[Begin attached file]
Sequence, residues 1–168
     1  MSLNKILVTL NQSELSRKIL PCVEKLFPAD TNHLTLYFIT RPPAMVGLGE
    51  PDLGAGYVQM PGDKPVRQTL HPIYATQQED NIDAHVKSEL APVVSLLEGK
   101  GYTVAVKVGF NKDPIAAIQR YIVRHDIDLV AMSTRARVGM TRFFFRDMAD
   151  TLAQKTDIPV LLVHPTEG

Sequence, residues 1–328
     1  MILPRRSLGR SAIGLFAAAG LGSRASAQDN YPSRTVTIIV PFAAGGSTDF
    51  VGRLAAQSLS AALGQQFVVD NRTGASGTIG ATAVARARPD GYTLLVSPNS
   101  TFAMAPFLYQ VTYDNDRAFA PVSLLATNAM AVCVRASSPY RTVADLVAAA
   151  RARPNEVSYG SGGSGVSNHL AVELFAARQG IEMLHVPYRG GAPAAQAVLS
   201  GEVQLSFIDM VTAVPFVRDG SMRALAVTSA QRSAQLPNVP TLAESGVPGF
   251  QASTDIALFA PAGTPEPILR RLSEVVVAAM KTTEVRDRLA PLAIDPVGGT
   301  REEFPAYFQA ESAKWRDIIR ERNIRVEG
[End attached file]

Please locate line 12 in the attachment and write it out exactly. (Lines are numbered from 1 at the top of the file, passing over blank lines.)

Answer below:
   251  QASTDIALFA PAGTPEPILR RLSEVVVAAM KTTEVRDRLA PLAIDPVGGT